I thought, having lived in this part of Italy on and off for 8 years that I knew all the local interesting places, but this afternoon I discovered another. The Santuario at Monteortone, only about five miles away, is half hidden in the hills near Abano. It has a very tall campanile and a lovely former convent with Venetian Gothic windows, a cloister and frescoes.
We parked near the church and went in: a lovely cool building after 30 degrees outside. Then we followed the path to the convent next door and were rather surprised to hear a jazzed up version of Vivaldi’s Four Seasons coming from inside. There was a wedding reception in the cloister, with lots of tables and people eating and drinking, children running about, and the head waiter wearing a captain’s cap which he changed for each course, next a red sequinned trilby and finally a top hat. We chatted to the guests for a while, then strolled into the gardens following a home made sign that said to the ‘ mostra presepe’.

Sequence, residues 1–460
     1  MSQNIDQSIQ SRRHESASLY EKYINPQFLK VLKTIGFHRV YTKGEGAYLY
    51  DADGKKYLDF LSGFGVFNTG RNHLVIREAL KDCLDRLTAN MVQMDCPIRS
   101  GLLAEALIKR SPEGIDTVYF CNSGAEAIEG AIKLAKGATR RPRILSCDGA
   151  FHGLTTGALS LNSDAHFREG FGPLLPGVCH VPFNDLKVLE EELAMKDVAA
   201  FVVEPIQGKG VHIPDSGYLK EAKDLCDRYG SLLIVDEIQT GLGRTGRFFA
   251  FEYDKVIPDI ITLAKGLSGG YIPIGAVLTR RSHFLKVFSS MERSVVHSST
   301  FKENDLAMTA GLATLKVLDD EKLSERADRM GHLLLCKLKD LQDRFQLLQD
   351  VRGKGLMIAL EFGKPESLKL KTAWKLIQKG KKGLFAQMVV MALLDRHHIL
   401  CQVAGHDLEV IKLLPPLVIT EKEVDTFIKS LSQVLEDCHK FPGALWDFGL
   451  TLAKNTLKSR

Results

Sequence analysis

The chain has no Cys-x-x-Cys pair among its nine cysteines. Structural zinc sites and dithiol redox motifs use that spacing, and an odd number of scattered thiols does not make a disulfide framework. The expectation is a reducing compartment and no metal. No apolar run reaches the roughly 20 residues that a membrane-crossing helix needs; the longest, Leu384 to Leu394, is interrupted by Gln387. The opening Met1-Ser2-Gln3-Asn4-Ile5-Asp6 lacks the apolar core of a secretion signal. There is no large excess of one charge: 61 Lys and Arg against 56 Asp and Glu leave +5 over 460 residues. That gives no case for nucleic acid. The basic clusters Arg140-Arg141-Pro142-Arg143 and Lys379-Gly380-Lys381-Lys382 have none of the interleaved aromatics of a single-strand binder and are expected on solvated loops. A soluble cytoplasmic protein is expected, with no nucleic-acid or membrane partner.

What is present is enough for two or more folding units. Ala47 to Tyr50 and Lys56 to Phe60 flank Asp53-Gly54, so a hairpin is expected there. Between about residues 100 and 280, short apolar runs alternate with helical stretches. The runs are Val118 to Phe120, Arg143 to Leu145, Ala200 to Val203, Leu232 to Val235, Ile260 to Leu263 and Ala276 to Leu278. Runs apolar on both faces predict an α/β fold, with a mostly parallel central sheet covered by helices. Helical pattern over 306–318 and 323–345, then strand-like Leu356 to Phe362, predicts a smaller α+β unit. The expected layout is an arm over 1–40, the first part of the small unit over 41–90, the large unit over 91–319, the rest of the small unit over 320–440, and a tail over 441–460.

Round the back of the convent, up some crumbling stone steps, was a strange sight. Six guinea pigs on a triangle of lawn were nibbling away against a miniature backdrop of mountains and chalets with tiny people and animals going about their lives. As we stopped to look more closely, an old man approached and started to explain that it represented life in the Dolomites. But there was more to come.
He produced a key and unlocked a door into the hillside. He let us into an air raid shelter used in the last war when the convent was turned into a military hospital. But this long tunnel was full of nativity scenes made by local people. They were all lit up, many with moving parts, and it was quite magical.
Italy never fails to surprise and delight!